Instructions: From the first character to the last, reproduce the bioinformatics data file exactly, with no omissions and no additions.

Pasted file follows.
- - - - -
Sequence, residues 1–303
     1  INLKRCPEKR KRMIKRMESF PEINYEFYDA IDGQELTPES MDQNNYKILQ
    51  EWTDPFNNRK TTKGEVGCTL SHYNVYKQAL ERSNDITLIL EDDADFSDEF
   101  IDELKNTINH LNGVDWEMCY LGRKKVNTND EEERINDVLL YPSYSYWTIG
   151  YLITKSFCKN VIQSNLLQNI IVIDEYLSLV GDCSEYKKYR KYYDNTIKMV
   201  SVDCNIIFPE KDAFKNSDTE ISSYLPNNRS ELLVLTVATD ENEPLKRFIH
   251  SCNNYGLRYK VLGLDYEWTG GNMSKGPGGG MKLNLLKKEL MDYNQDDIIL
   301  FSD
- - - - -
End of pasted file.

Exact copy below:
Sequence, residues 1–303
     1  INLKRCPEKR KRMIKRMESF PEINYEFYDA IDGQELTPES MDQNNYKILQ
    51  EWTDPFNNRK TTKGEVGCTL SHYNVYKQAL ERSNDITLIL EDDADFSDEF
   101  IDELKNTINH LNGVDWEMCY LGRKKVNTND EEERINDVLL YPSYSYWTIG
   151  YLITKSFCKN VIQSNLLQNI IVIDEYLSLV GDCSEYKKYR KYYDNTIKMV
   201  SVDCNIIFPE KDAFKNSDTE ISSYLPNNRS ELLVLTVATD ENEPLKRFIH
   251  SCNNYGLRYK VLGLDYEWTG GNMSKGPGGG MKLNLLKKEL MDYNQDDIIL
   301  FSD